The rule of the United States over the Philippines had two phases.
The first phase was from 1898 to 1935, during which time Washington defined its colonial mission as one of tutelage and preparing the Philippines for eventual independence. Political organizations developed quickly, and the popularly elected Philippine Assembly (lower house) and the U.S.-appointed Philippine Commission (upper house) served as a bicameral legislature. The ilustrados formed the Federalista Party, but their statehood platform had limited appeal. In 1905 the party was renamed the National Progressive Party and took up a platform of independence. The Nacionalista Party was formed in 1907 and dominated Filipino politics until after World War II. Its leaders were not ilustrados. Despite their “immediate independence” platform, the party leaders participated in a collaborative leadership with the United States. A major development emerging in the post-World War I period was resistance to elite control of the land by tenant farmers, who were supported by the Socialist Party and the Communist Party of the Philippines. Tenant strikes and occasional violence occurred as the Great Depression wore on and cash-crop prices collapsed. Continue reading “Summary of the American Colonial Period”
The Philippine Economy During the Spanish Colonial Period
Ferdinand Magellan was the first European recorded to have landed in the Philippines. He arrived in March 1521 during his circumnavigation of the globe. He claimed land for the king of Spain but was killed by a local chief.
Following several more Spanish expeditions, the first permanent settlement was established in Cebu in 1565. After defeating a local Muslim ruler, the Spanish set up their capital at Manila in 1571, and they named their new colony after King Philip II of Spain. In doing so, the Spanish sought to acquire a share in the lucrative spice trade, develop better contacts with China and Japan, and gain converts to Christianity. Only the third objective was eventually realized.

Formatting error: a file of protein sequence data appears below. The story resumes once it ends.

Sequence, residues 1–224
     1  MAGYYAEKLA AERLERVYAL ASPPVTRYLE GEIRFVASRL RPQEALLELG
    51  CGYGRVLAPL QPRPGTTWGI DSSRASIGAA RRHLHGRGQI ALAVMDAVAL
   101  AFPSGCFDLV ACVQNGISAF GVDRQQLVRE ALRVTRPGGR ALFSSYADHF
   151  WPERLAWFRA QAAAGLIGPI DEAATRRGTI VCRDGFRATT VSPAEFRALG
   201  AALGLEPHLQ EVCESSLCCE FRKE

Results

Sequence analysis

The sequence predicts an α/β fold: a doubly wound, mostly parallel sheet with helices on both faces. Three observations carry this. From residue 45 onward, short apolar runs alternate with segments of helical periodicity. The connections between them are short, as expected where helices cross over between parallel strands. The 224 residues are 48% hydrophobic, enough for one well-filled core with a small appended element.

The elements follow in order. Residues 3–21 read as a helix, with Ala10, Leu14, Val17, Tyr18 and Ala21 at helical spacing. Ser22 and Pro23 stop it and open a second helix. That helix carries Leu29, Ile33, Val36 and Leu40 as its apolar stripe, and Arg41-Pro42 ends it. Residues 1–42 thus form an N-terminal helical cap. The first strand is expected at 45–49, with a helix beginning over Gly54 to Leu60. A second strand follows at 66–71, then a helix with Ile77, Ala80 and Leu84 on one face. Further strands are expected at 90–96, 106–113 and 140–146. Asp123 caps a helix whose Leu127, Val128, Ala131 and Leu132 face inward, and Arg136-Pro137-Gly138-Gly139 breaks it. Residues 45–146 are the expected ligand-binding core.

As with other Spanish colonies, church and state became inseparably linked in carrying out Spanish objectives. Several Roman Catholic religious orders were assigned the responsibility of Christianizing the local population. The civil administration built upon the traditional village organization and used traditional local leaders to rule indirectly for Spain. Through these efforts, a new cultural community was developed, but Muslims (known as Moros by the Spanish) and upland tribal peoples remained detached and alienated.
Trade in the Philippines centered around the “Manila galleons,” which sailed from Acapulco on the west coast of Mexico (New Spain) with shipments of silver bullion and minted coin that were exchanged for return cargoes of Chinese goods, mainly silk textiles and porcelain. There was no direct trade with Spain and little exploitation of indigenous natural resources. Most investment was in the galleon trade. But, as this trade thrived, another unwelcome element was introduced — sojourning Chinese entrepreneurs and service providers. Continue reading “Philippine Economy: Spanish Period”
Philippine Geography is a delightful song by the hilarious Filipino singer Yoyoy Villame. It serves as a useful mnemonic for the many important cities, provinces and regions of the Philippines!
Philippines has a great history, according to our geography Manila is the capital city, docking point from the other country Metro Manila, Quezon City, Caloocan, Pasay, Makati, Marikina, Pasig, Zapote, Malabon, Las Piñas, Parañaque
The basis for the Philippine national language is Tagalog, which had primarily been spoken only in Manila and the surrounding provinces when the Commonwealth constitution was drawn up in the 1930s. That constitution provided for a national language, but did not specifically designate it as Tagalog because of objections raised by representatives from other parts of the country where Tagalog was not spoken. It merely stated that a national language acceptable to the entire populace (and ideally incorporating elements from the diverse languages spoken throughout the islands) would be a future goal. Tagalog, of course, by virtue of being the lingua franca of those who lived in or near the government capital, was the predominant candidate.